N’DJAMENA, Chad — The 2015 World Economic Forum (WEF) revealed global progress in closing the gender gap in education. According to the latest WEF Global Gender Gap Index, 10 countries have fully closed the gap in both the Health and Survival and the Educational Attainment subindexes. Despite global progress, Chad signifies a massive gender gap in education and indicates how much the country lags behind other nations.
Chad, a country in north central Africa, has the largest gender gap in education. Chad scored 0.591 in the Educational Attainment category in the WEF Global Gender Gap Index, ranking last out of the 145 countries analyzed.
In Chad, where a girl can legally marry at age 15, 72.3 percent of girls marry before the age of 18. Such a high rate of early marriages results in lower rates of completion of secondary school. According to the UN Human Development Index, only 1.7 percent of women in Chad have some secondary education, compared to 9.9 percent of men.
The lack of education and early marriages have significant consequences. Chad has an adolescent birthrate of 15.2 percent—higher than the 14.9 percent of parliament seats held by women.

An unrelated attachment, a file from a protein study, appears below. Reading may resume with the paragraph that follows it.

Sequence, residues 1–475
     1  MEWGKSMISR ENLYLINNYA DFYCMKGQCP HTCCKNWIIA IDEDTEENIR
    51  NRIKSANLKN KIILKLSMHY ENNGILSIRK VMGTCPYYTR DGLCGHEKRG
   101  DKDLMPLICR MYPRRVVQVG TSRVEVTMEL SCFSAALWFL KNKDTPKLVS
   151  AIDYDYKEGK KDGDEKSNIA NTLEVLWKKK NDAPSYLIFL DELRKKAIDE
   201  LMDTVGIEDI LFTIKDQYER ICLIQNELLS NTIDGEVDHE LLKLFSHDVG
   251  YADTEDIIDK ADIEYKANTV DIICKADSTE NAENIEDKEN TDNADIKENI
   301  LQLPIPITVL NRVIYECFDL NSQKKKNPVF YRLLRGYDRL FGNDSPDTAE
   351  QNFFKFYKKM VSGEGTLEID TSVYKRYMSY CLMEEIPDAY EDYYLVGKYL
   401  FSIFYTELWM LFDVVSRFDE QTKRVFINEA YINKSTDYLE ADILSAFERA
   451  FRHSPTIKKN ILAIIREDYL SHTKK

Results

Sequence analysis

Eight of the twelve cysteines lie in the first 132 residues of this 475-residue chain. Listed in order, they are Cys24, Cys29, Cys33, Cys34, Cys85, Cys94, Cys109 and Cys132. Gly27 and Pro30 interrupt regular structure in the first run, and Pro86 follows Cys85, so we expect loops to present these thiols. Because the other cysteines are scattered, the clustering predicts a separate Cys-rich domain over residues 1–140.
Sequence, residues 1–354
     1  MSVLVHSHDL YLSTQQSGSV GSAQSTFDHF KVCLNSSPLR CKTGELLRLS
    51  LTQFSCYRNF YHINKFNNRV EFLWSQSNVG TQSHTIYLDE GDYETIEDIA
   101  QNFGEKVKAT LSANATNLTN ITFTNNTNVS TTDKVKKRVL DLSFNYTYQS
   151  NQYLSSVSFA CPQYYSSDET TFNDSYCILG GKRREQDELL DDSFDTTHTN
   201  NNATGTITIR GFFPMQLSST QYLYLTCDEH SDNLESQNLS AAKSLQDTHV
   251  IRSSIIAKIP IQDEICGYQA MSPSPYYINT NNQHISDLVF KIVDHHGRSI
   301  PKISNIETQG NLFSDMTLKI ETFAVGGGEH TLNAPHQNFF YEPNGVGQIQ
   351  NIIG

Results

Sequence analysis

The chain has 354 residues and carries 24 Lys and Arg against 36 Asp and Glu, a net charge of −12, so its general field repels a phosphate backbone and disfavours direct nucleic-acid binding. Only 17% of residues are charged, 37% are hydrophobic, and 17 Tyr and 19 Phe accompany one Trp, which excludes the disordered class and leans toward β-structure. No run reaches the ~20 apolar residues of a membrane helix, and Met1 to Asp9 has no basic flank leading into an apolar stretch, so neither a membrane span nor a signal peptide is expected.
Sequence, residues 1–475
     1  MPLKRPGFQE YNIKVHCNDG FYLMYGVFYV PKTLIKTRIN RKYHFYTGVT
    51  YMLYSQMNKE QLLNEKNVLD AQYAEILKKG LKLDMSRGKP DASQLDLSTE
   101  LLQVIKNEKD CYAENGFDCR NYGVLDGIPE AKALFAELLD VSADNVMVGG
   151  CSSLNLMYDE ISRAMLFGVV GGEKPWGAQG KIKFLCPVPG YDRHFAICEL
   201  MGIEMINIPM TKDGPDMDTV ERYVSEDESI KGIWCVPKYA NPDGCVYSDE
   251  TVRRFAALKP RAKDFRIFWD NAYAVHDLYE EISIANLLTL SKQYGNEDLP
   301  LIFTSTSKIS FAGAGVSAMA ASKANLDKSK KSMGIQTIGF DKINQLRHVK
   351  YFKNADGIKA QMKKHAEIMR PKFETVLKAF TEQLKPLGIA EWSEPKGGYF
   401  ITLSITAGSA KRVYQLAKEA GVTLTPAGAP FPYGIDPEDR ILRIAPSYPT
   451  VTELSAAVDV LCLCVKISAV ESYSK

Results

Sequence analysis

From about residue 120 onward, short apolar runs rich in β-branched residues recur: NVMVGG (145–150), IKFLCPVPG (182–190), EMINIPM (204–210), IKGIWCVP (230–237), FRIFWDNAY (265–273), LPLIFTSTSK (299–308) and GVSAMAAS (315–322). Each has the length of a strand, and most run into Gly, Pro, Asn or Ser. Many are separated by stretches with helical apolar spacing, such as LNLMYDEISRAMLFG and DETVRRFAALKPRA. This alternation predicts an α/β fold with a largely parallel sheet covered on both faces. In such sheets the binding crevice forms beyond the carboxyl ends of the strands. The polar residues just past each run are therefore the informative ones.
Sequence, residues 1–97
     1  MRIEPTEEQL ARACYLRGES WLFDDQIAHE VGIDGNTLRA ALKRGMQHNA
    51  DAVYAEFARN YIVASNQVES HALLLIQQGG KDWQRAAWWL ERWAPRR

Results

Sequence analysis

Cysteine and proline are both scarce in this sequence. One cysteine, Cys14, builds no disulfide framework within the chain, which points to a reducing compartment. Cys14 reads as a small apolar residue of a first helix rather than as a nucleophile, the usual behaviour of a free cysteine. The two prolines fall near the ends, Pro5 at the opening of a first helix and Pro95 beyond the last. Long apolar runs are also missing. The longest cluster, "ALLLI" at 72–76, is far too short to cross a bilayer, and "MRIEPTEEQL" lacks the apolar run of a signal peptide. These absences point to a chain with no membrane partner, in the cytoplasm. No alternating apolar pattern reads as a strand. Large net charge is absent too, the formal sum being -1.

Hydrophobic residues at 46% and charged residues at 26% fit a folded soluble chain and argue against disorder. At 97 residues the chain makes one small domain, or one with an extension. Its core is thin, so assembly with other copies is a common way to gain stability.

Fortunately, UNICEF has partnered with Educate a Child (EAC) to galvanize Chad’s government into action to make quality education accessible to every child. UNICEF aims to strengthen basic education to benefit almost one million children. The organization plans to accomplish their lofty goal through educating teachers, providing learning materials, and building classrooms.
So far, UNICEF is proud of their completion of the Quinze Ans school of Moundou, a coed school that helps children living in poverty, including the girls UNICEF calls “especially disadvantaged.”
UNICEF’s recent partnership with Educate a Child will also alleviate the gender gap. EAC has developed a system of incentives to encourage girls’ education by providing “education kits, support to parent teachers’ associations, and catering for school feeding.”
– Sabrina Yates